Kenting Forest Recreation Area, Kenting National Park, Taiwan
Limestone Cave in the Kenting Forest Recreation Area
The view from atop the 7 story tower in the Kenting Forest Recreation Area

It was a pretty full two days.  We had gorgeous weather (albeit a bit hot at times which is hard to complain about in the middle of January), saw amazing scenery, and got to know the family better.  Thanks again to family for being such generous guides!

Here are some links to earlier posts from this trip:

Going to Taiwan - Celebrating the Lunar New Year in Kaohsiung
Taiwan - Sandiman, Pingtung, Tainan, and the Kaohsiung Lantern Festival

Here is a link to the slide show if you'd like to see more photos and comments.  There are 64 of them in there.

Taiwan Trip - Kenting National Park

Thursday, August 2, 2012

Moon House Ruin, Utah

Moon House, Cedar Mesa, Utah
Keystone, CO - There is something immensely satisfying about visiting an undeveloped ruin in the middle of the desert.  With a little stretch of the imagination, one can imagine happening upon this great discovery perched high on a cliff wall of an unexplored canyon.  Granted in order to visit the Moon House you need a permit, there is a trail to follow and a series of cairns to guide you up the side of the canyon, however, it's still quite different than the roped paths of Hovenweep.

To be honest, I think Moon House may just top my list of favorite Southwest ruins.

The Moon House is a Pueblo cliff dwelling located in McLoyd Canyon on Cedar Mesa in Southern Utah.  It was built and inhabited by the Anasazi or as Suwei and I like to say over and over,"The Ancient Puebloan Peoples" between 1150 and 1300 AD.  The name Moon House comes from the unique pictographs found in one of the rooms that seem to show the changing phases of the moon.  There is one main dwelling area in an amazingly scenic spot, but if you follow the canyon shelf in either direction you can, "discover" many, many more smaller dwellings scattered about.

How to Get There

First off you need to stop by the Kane Gulch Ranger Station and get a permit.  The Ranger Station is located  on Highway 261 about 4 miles south of Highway 95.  Here is what the BLM site has to say about permits:

Moon House is a remote undeveloped ruin in McLoyd Canyon southeast of the Kane Gulch Ranger Station. It is accessed by a strenuous three mile hike and is not for those who fear heights. Public access is limited to 36 people per day via a permit system for day visits. During the spring and fall high use seasons permits are available only at the Kane Gulch Ranger Station. Day, Week, and Annual Permit holders must get their permits validated for Moon House hikes at the Kane Gulch Ranger Station prior to their hike. During the off season, permits are available on a first come first serve basis at the trailhead. All commercial and private groups of eight or more must have an advance reservation, available from the Monticello Field Office permit desk. Maximum group size is 12. There is no overnight camping along the trail or at the ruin, and car camping is limited to designated primitive camps south of the Snow Flat Road. Pets are not allowed on the trail or at the ruin.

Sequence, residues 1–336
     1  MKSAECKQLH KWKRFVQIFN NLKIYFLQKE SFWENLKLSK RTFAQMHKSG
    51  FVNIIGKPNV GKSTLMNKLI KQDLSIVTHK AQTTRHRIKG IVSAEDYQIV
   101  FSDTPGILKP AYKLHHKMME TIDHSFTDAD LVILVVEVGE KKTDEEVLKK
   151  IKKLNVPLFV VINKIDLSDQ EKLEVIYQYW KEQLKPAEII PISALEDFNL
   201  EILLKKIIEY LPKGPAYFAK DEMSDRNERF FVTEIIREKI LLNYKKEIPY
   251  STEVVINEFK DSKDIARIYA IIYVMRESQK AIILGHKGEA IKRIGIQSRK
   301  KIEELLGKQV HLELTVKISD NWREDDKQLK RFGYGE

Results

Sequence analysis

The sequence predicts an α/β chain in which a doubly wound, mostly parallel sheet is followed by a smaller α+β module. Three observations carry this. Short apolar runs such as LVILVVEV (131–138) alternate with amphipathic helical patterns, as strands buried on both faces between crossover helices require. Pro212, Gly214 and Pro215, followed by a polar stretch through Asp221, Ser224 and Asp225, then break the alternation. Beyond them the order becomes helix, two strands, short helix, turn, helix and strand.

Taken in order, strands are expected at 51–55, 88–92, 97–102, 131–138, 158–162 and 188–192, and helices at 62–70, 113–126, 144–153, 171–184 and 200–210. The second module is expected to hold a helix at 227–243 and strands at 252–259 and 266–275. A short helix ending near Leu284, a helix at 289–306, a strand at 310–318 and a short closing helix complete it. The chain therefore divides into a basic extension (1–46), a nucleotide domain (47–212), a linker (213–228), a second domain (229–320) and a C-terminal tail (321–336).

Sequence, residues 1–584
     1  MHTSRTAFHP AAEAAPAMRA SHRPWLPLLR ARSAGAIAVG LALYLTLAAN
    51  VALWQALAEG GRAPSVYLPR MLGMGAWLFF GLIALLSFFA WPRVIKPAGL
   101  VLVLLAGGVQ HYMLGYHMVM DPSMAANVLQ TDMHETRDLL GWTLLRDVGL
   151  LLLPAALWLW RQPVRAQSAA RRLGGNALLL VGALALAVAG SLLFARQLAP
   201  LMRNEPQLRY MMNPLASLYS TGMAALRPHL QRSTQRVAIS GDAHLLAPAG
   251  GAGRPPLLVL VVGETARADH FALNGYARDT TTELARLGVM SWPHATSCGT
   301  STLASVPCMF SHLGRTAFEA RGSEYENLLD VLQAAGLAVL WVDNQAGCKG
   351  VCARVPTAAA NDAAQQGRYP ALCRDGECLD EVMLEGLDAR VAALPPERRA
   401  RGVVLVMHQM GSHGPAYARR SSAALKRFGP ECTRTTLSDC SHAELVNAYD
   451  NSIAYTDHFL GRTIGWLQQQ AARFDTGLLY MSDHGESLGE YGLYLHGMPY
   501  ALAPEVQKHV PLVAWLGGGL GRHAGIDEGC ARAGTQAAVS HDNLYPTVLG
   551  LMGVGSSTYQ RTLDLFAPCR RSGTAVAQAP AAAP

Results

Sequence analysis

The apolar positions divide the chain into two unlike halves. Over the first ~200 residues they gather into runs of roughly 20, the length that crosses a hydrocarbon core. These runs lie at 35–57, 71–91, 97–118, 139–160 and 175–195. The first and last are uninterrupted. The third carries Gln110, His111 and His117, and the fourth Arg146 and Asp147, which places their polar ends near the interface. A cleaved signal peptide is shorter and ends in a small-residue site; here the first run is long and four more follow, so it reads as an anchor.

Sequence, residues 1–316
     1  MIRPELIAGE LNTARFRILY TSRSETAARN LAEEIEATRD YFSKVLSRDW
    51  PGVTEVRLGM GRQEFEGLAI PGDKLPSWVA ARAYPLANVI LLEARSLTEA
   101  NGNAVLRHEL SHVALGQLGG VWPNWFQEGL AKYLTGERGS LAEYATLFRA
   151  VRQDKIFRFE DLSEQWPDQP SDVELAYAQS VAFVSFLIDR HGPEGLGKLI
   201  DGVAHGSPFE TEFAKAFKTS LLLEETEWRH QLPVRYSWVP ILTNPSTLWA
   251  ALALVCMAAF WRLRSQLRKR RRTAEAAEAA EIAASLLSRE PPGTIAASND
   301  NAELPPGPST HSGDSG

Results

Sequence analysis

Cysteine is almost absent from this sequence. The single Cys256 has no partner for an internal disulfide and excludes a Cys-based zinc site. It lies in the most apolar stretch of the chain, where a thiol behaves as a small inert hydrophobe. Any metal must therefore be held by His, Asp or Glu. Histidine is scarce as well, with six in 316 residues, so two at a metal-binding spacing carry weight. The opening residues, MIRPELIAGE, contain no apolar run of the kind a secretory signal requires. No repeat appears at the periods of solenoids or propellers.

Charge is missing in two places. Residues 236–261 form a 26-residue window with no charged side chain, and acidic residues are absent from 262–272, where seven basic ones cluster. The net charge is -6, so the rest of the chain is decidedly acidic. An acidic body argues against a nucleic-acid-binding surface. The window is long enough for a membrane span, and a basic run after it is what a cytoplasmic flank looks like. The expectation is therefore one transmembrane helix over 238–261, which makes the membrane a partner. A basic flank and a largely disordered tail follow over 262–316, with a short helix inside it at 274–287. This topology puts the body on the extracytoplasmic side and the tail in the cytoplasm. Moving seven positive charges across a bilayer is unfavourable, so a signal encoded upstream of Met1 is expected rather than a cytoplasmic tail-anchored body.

Hiking out to Moon House
I think calling a 3.3 mile hike, "strenuous" is a bit of an overstatement, but... it is in the desert, it can get quite hot, there is a bit of scrambling and parts of the trail are steep.  However, if you are used to hiking and don't mind putting your hands on the rock every now and then, it's still pretty easy.  Suwei managed it just fine with the baby.

To find the trail head just go six miles further south from the ranger station on Highway 261 to Snow Flat Road (on your left if heading south).  Snow Flat Road is your typical sandy desert dirt road.  It's passable with a two wheel drive car with good clearance, but I wouldn't take it if it's wet.  Follow Snow Flat Road for 8 miles.  The trail head is marked with a kiosk.

Check out These Links:

Here is a site with lots more information and specifics about the hike:
Here is the link to the BLM site:
Here a short article about Ruins Etiquette that I can't recommend more:

Here are a few more photos from our trip:

Please protect these ruins!  As usual, there is debate whether or not these places should be open to the public.  Let's keep them open by showing our respect.

Moon House Panorama, Cedar Mesa, Utah
Check out these earlier posts from our 2011 Fall Road Trip:

Fall Road Trip 2011 - California to Colorado
Fall Road Trip 2011 - Part II - Misc. Colorado Including Grand Mesa
Fall Road Trip 2011 - Part III - Black Canyon of the Gunnison National Park
Telluride & The Canyons of the Ancients National Monument
Hovenweep National Monument
Valley of the Gods & The Moki Dugway
Fall Road Trip 2011 - Camping at Muley Point, Utah

Here is a link to the slide show.  There are 21 photos in there.

Fall Road Trip 2011 - Moon House Ruin, Utah